3 September 2019
Tell us about yourself or your practice.
Agile City is a community interest company that creates space for work, events and learning. We operate across two buildings – Civic House and The Glue Factory – and deliver a public programme of events, talks and workshops that explore cultural and social approaches to city development.
We are based in Speirs Locks, north Glasgow – an area that has been dramatically affected by loss of industry and the construction of the M8 motorway in the 1960’s. We have worked in this area since 2011 and our projects respond to this context by considering sustainable approaches to repurposing industrial buildings and addressing issues of vacant space through activation, testing and learning.
What are you working on at the moment?
Over the last two years we have been considering the environmental impact of our work through events and collaborative research. A key outcome of this work is a capital project to reduce energy consumption of Civic House - a building we are currently developing as a workspace and venue that supports creative learning and socially engaged city development. The building is a 1920's print works and like most industrial buildings of the period it is incredibly inefficient to run. A core principle of the building’s development is to retro-fit the building up to PassivHaus standards - vastly improving its thermal performance and generating electricity via PV panels. Once completed it should be energy positive and generate more electricity than it consumes over an annual basis. It will be one of the first projects of its kind in Scotland, and we hope it can influence the design and development of similar buildings in the future.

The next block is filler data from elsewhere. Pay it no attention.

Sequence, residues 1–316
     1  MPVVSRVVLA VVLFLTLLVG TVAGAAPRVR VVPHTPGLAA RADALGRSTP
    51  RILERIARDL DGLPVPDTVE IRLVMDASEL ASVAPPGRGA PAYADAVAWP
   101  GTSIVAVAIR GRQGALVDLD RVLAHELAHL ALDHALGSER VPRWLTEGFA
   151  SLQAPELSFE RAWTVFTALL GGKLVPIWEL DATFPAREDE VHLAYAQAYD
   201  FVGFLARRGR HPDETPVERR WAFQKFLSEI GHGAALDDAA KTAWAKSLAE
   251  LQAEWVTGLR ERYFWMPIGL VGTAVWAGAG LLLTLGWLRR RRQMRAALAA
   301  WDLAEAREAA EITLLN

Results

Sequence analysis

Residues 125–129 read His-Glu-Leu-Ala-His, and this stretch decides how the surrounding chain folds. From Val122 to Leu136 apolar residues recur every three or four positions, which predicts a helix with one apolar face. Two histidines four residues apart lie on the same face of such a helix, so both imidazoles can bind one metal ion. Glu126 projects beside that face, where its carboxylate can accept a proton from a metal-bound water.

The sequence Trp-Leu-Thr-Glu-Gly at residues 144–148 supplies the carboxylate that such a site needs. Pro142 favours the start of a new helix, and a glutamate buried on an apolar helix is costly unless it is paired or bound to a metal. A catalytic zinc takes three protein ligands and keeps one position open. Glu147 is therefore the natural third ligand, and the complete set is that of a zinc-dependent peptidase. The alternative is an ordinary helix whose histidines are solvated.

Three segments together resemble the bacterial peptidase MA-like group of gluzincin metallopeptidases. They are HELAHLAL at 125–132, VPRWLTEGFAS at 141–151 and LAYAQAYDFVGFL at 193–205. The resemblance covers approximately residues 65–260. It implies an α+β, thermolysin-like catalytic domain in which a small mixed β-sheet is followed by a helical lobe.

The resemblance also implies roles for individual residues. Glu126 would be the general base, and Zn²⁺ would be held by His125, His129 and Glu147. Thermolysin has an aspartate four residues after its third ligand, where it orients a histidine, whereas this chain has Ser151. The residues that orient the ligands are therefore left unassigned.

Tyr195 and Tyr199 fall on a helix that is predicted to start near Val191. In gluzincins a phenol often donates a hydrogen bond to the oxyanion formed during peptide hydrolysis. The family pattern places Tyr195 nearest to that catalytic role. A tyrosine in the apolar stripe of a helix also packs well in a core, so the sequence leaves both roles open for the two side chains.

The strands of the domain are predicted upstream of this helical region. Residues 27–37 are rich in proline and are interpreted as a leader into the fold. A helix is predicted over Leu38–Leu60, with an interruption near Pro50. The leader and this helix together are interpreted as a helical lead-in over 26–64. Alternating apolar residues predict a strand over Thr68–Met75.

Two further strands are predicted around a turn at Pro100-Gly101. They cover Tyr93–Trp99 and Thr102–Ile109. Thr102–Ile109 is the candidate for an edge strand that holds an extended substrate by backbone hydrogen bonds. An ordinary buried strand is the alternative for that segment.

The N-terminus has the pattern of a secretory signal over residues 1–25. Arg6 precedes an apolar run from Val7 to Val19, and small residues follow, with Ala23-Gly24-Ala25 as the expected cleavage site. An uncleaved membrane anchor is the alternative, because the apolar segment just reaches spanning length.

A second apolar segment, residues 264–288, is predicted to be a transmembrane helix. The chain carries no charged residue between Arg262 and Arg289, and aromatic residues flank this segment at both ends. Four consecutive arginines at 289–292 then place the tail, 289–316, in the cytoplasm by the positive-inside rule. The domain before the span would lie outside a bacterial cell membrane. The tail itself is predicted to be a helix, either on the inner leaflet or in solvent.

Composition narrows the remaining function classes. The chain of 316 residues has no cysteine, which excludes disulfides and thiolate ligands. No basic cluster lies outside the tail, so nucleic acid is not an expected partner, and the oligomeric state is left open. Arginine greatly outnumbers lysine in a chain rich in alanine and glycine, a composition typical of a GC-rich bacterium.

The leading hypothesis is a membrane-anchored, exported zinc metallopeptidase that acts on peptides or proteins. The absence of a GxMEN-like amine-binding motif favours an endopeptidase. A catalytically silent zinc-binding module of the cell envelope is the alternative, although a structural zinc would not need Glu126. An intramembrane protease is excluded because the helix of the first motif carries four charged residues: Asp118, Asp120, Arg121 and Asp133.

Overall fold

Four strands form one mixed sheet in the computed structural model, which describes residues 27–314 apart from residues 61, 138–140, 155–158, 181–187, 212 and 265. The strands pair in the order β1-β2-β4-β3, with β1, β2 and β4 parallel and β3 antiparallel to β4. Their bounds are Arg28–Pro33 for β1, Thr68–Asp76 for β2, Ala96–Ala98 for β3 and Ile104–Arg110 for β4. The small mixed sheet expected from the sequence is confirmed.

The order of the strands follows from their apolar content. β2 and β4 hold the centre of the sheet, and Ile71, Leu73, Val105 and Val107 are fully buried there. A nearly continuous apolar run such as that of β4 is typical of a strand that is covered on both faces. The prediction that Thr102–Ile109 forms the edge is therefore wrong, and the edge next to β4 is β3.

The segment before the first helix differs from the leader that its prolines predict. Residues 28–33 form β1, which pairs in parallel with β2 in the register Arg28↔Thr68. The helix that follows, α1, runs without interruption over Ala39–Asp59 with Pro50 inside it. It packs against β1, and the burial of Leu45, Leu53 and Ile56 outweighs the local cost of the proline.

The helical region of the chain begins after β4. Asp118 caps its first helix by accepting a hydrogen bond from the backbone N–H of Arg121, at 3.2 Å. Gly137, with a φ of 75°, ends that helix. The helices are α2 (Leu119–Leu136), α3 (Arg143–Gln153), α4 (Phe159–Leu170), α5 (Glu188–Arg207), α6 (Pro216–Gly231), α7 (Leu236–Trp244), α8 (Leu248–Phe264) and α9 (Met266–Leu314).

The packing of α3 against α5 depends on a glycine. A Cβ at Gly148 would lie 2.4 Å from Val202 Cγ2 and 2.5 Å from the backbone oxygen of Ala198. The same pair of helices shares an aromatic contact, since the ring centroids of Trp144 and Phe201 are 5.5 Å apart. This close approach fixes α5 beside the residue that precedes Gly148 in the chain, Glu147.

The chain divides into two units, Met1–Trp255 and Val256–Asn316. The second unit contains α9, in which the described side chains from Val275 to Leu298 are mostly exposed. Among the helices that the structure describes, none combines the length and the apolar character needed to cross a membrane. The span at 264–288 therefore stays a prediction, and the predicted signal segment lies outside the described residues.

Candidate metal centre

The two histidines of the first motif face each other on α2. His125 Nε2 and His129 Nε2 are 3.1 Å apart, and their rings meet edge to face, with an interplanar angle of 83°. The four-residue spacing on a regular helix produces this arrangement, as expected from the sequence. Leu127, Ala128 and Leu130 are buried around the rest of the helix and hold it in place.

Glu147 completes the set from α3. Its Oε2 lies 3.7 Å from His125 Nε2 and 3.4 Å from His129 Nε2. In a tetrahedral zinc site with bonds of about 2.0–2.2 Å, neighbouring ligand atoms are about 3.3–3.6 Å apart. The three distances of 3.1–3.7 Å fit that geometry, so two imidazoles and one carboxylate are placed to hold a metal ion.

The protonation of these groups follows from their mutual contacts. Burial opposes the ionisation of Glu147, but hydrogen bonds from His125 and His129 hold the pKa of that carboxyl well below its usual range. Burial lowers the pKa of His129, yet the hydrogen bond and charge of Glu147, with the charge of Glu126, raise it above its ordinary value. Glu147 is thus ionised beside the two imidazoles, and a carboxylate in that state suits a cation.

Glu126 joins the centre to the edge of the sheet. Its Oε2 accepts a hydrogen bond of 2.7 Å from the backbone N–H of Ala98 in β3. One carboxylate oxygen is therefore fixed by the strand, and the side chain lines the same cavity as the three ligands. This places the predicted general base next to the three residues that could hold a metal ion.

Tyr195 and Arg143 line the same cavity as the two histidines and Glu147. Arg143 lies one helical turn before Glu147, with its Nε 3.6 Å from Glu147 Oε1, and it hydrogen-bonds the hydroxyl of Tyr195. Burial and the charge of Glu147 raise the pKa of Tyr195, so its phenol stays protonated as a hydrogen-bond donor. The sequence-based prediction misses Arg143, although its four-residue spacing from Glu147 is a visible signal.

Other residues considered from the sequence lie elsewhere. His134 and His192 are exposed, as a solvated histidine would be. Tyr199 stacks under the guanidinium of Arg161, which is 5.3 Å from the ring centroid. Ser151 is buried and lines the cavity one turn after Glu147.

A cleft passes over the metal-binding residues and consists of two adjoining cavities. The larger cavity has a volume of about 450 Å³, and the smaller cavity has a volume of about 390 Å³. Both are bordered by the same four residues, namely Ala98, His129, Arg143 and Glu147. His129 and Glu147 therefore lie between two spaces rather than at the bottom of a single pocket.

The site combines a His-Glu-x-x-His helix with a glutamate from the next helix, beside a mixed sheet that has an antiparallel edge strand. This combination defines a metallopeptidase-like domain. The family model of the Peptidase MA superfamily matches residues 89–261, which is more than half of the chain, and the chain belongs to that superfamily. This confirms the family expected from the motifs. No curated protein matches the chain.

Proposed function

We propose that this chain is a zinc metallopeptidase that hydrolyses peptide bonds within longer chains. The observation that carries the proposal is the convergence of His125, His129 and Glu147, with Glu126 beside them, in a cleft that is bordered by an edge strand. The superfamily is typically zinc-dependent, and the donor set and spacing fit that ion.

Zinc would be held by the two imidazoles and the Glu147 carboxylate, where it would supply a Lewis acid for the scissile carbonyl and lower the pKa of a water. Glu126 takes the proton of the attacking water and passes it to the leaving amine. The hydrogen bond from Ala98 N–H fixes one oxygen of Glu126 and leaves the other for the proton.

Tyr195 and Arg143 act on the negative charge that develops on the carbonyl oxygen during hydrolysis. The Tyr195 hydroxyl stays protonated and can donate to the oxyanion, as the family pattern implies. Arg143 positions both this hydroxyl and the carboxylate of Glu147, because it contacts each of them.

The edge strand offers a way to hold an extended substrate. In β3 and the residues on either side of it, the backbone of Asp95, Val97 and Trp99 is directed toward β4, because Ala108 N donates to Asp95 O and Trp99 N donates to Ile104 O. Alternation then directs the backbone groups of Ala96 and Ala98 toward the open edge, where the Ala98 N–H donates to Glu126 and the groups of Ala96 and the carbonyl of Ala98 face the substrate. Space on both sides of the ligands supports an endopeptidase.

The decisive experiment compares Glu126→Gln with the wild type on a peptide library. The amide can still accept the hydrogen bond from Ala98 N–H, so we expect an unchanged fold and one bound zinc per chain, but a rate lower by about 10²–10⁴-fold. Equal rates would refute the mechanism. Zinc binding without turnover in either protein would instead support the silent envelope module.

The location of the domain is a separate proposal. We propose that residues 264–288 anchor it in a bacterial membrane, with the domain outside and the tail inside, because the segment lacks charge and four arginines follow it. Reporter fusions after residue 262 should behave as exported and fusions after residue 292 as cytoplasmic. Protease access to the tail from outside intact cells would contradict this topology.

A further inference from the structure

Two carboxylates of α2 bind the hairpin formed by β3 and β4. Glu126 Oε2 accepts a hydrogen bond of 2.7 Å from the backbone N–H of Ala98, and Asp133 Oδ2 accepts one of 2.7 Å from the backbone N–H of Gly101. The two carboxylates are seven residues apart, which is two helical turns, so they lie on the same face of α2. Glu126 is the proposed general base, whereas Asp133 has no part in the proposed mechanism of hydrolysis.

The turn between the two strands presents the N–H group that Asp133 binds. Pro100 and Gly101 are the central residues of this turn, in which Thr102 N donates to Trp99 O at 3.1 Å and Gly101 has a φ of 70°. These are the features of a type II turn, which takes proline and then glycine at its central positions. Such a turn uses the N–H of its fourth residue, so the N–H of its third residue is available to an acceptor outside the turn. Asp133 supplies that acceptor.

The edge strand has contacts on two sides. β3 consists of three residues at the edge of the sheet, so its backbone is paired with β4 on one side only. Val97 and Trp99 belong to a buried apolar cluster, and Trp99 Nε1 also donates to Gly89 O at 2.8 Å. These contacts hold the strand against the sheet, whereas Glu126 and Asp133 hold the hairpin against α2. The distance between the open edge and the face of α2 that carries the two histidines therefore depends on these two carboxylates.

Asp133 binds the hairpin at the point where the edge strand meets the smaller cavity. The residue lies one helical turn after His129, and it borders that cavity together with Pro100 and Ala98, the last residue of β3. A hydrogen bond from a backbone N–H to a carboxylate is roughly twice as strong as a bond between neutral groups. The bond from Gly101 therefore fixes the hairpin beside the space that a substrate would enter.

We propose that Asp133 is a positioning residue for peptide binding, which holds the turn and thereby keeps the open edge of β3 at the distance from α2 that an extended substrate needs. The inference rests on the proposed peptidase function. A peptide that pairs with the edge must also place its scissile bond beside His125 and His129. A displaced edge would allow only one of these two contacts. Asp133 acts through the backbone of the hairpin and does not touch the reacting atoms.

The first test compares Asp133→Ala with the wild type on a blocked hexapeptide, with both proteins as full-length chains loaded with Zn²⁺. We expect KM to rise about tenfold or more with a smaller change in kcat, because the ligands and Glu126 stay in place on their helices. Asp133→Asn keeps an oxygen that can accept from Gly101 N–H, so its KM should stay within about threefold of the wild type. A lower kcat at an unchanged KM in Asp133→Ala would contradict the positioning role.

Cement production contributes over 8% of global CO2 emissions so it is essential we improve our ability to repurpose existing buildings and make them ready for a low carbon future. Glasgow has an abundance of post-industrial buildings, and this project aims to create a case-study on how to sustainability re-purpose buildings for cultural and social activity.
What impact do you hope to see through your work? / Why is design important?
We want to see a culture of repurposing buildings and materials to reduce the vast amount of waste associated with architecture and city development. I studied architecture in Glasgow and the focus was explicitly on the design of new buildings - not engaging with the abundance of existing vacant buildings in the city.
Tell us about something you’ve worked on that’s made you feel proud.
In June 2019 we delivered the 4th edition of Test Unit - an art, design and architecture summer school and events programme. This year we explored the theme of ‘Material Flows’ through discussion, workshops and making. Its an intensive week, but a highlight of our year - it’s a pleasure to work with such an amazing group of talented, engaged and smart participants and facilitators from a range of disciplines and countries.
What is the role of design in addressing/ communicating global issues?
I think it’s essential that we all start delivering projects that manifest the change we want to see. There is a growing awareness within the architecture community to address the climate emergency, but there is a big difference between discourse and change. We are a small company and are on a journey to work out our own approach. For us, learning through doing is central to this - it’s not until a project is delivered that we understand the barriers that can dampen positive ambition - often created by the economic pressures linked to taking a longer-term view.
British Council Project
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